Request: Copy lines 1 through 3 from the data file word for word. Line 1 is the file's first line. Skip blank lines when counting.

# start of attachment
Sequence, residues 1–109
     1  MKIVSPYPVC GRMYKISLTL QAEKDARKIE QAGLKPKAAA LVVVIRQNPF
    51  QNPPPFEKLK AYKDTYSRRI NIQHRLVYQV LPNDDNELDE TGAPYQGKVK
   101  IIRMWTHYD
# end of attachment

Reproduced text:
Sequence, residues 1–109
     1  MKIVSPYPVC GRMYKISLTL QAEKDARKIE QAGLKPKAAA LVVVIRQNPF
    51  QNPPPFEKLK AYKDTYSRRI NIQHRLVYQV LPNDDNELDE TGAPYQGKVK